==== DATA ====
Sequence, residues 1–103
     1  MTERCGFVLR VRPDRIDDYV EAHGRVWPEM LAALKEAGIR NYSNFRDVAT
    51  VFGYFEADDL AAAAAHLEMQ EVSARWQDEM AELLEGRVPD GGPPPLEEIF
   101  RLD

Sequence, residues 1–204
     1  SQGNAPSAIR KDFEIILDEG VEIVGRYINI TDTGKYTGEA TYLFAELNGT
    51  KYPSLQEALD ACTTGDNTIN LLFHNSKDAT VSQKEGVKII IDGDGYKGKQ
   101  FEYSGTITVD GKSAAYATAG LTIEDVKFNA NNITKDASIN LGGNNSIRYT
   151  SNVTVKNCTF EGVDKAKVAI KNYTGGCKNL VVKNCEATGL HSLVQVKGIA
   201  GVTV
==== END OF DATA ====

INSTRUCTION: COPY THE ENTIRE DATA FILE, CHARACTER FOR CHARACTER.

Sequence, residues 1–103
     1  MTERCGFVLR VRPDRIDDYV EAHGRVWPEM LAALKEAGIR NYSNFRDVAT
    51  VFGYFEADDL AAAAAHLEMQ EVSARWQDEM AELLEGRVPD GGPPPLEEIF
   101  RLD

Sequence, residues 1–204
     1  SQGNAPSAIR KDFEIILDEG VEIVGRYINI TDTGKYTGEA TYLFAELNGT
    51  KYPSLQEALD ACTTGDNTIN LLFHNSKDAT VSQKEGVKII IDGDGYKGKQ
   101  FEYSGTITVD GKSAAYATAG LTIEDVKFNA NNITKDASIN LGGNNSIRYT
   151  SNVTVKNCTF EGVDKAKVAI KNYTGGCKNL VVKNCEATGL HSLVQVKGIA
   201  GVTV